Aaron, the High Priest
Moses's brother helped lead the Israelites to freedom.
Reprinted with permission from Who's Who in the Hebrew Bible (The Jewish Publication Society).
Aaron, the first High Priest, was the founder and ancestor of the Israelite priesthood. His mother, Jochebed, the Egyptian-born daughter of Levi, married her nephew Amram son of Kohath, and gave birth to three children: Miriam, the eldest; Aaron; and Moses, the youngest, who was born when Aaron was three years old.
The Bible does not say anything about Aaron's birth, his early life, or his upbringing. It states that he married Elisheba daughter of Amminadab, of the tribe of Judah, with whom he had four sons: Nadab, Abihu, Eleazar, and Ithamar. His brother-in-law, Nahshon, was a direct ancestor of King David.
Aaron is first mentioned in the Bible when God, angry that Moses was reluctant to accept the mission to free the Israelites from the Egyptian oppression, told him that Aaron was a good speaker and that he would be Moses' spokesman.
The Story of Passover
Aaron's eloquent speeches to Pharaoh were reinforced by the miracles that he performed with his walking stick, changing it one time into a serpent and another into blossoms and almonds. Also, by stretching out his walking stick at the request of Moses, he brought on the first three plagues: blood, frogs, and lice; and, in cooperation with Moses, he produced the sixth plague, boils, and the eighth plague, locusts.
It is significant that when he performed his wonders, it was not by virtue of any innate ability or individual initiative but only by divine command, mediated through Moses. The two brothers were already old men--Aaron was 83 years old, and Moses was 80--when Pharaoh finally yielded to their request, and let the Israelites go.
After the march out of Egypt, Aaron was no longer a central figure in the events but only a secondary player at Moses' side. He didn't play any important part in the crossing of the Red Sea, the songs of victory hymns, or the water crisis at Marah. He reappeared later in connection with the incident of the manna.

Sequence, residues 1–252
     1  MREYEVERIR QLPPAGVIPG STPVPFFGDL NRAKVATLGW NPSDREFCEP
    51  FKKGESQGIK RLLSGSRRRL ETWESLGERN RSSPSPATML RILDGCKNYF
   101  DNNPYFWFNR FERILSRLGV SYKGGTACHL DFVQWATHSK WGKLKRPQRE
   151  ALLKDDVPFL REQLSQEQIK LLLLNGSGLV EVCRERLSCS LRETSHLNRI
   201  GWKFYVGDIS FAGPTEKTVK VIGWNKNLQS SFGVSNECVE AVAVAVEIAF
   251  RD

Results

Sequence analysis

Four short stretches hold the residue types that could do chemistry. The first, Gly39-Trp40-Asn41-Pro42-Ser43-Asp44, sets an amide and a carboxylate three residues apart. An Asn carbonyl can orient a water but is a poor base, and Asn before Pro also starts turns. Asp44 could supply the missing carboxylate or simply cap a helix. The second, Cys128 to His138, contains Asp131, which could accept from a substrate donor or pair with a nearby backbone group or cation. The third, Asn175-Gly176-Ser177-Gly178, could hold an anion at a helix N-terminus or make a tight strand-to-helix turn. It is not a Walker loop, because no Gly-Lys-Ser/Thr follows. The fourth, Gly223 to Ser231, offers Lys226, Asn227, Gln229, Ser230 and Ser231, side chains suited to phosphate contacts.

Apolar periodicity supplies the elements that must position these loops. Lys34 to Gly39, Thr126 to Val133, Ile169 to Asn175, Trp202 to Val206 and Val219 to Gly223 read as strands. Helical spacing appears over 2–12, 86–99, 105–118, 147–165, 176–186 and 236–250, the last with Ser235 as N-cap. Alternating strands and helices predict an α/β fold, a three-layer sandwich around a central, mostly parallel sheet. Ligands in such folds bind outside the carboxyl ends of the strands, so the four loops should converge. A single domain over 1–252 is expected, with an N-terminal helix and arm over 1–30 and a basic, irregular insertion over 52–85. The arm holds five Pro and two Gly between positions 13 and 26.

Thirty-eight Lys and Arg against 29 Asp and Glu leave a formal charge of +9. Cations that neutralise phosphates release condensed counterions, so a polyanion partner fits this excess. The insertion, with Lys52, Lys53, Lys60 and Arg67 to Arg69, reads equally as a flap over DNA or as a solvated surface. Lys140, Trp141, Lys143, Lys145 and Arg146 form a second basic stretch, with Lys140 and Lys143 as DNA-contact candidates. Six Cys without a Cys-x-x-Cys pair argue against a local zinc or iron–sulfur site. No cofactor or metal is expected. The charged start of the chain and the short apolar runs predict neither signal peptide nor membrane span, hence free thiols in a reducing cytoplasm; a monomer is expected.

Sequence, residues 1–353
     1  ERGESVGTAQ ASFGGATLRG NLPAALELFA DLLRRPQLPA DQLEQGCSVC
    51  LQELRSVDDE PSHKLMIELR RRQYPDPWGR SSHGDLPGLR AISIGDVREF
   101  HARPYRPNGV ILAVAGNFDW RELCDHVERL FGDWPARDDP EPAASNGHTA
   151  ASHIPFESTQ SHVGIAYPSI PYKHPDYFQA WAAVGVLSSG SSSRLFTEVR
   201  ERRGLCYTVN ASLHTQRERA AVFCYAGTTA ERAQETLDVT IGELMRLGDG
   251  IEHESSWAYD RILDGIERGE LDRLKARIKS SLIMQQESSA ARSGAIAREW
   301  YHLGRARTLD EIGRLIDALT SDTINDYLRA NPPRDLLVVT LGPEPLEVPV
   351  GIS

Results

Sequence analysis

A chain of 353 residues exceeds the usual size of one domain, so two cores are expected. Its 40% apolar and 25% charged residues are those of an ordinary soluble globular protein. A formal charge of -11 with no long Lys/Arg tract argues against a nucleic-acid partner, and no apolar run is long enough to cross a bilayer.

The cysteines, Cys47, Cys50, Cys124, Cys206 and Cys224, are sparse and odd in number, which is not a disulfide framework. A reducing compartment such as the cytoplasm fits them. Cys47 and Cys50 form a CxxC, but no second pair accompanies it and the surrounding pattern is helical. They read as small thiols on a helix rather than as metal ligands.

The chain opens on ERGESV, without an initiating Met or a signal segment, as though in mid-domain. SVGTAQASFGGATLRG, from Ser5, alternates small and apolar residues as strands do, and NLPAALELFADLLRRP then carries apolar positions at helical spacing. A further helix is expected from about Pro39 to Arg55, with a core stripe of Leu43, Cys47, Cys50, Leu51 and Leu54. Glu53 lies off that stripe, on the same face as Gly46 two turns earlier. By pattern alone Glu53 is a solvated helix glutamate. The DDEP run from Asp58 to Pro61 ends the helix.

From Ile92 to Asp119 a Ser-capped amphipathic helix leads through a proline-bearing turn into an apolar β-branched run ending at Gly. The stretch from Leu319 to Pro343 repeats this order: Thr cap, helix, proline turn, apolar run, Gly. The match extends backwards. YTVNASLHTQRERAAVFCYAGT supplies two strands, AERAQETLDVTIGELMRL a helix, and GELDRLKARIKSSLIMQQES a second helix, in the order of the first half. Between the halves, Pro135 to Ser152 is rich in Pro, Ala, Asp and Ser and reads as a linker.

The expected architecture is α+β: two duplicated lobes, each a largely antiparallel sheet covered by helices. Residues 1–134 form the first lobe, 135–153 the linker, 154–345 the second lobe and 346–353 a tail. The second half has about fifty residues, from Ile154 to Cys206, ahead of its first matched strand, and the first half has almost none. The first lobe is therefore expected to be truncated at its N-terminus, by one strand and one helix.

In the Wilderness
During the battle that the Israelites fought against the Amalekites, Aaron, together with Hur, supported Moses' hands stretched upward to ensure victory. Later, again with Hur, Aaron acted as deputy for Moses when his brother climbed Mount Sinai to receive the two stone tablets of the Law.
During Moses' prolonged absence on the mountain, Aaron yielded to the pressure of the people and made with their jewelry a golden calf that became a cause of apostasy. Despite his involvement in this incident, he was neither punished nor disqualified from the priesthood. The people, on the other hand, were harshly punished when the Levites, by order of Moses, killed about 3,000 of the idol worshipers.
Although Aaron did not take any part in the construction of the portable sanctuary, he and his sons were appointed priests and consecrated into that office by Moses. During the consecration ceremonies, two of his sons, Nadab and Abihu, died when they burned forbidden incense before the Lord, a tragic loss that Aaron bore in silent resignation.
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